This sort of diversity doesn’t appear to have made an impact on their collection. Yes, I know a goodly portion of the blame goes to overdrive. But… Not all. It doesn’t explain why the TPL hasn’t gone out of its way to find a gay romance focused publisher (like Dreamspinner Press) and acquired their books. So there are lots of people to blame here.
Part of what I’m trying to communicate here is that diversity isn’t enough. A lot of the discourse I see around diversity appears to suggest that assimilating a bunch of poc (or whatever) into the workforce will somehow manage to transform shitty oppressive institutions (or corporations) into virtuous ones. This… really isn’t going to work.
I’m starting to realize that part of why librarians should be fearful of the future is because we allow the past to weigh us down. The thing with most library collections in Canada and the US is that the bulk of the collection was acquired during a time when people didn’t care at all about diversity or representation. Times when it was even harder to get published as a poc or gay writer. Fuck, gay romance wasn’t even a viable genre 15 or so years ago, before self-publishing and other stuff allowed niche publishing to flourish.
This means that most of the existing collection was designed and selected to be exclusive. And now that we have ever shrinking budgets and a general inability to buy as much as we would like, it’ll never be possible to balance out existing collection. Maybe, maybe it could happen if libraries stopped buying books written by white, cishet men for the next 20-30 years. This isn’t very likely.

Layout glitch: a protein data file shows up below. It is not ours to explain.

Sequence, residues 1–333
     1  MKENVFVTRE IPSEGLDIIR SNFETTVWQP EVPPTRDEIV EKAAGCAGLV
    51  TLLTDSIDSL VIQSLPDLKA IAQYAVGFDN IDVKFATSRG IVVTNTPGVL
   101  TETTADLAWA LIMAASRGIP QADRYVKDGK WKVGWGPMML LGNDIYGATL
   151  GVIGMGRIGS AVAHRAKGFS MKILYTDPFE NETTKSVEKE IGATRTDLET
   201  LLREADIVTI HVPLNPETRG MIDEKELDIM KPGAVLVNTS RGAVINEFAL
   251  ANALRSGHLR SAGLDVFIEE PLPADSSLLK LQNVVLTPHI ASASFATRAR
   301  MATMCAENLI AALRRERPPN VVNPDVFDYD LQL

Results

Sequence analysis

Of course, there is also the problem of space. So. I’m curious if any library would consider weeding out a bunch of stuff by white cishet men in order to make room for a more diverse collection. Go see which ones aren’t circulating and dump the dead weight. Make room for diversity. This would be one way to start balancing out a collection without having to spend extra money on acquisition.
As also noted, the is a problem with cataloguing. I shouldn’t have to wade through thousands of het romance to find the eight gay ones. That’s fucking bullshit. But… again. We allow the past to weigh us down. While others advocate for reforming the Dewey or LoC systems, I want to see them trashed and for us to start over. And, hey, maybe re-cataloguing everything would take a lot less time if we just dumped a bunch of cishet white male materials.
Perhaps things might change at TPL if more poc and otherwise marginalized people get into management and higher on the organizational hierarchy. I have my doubts, though. Current patterns of acquisition will never allow a collection to diversify in a way that represents the full spectrum of human experience.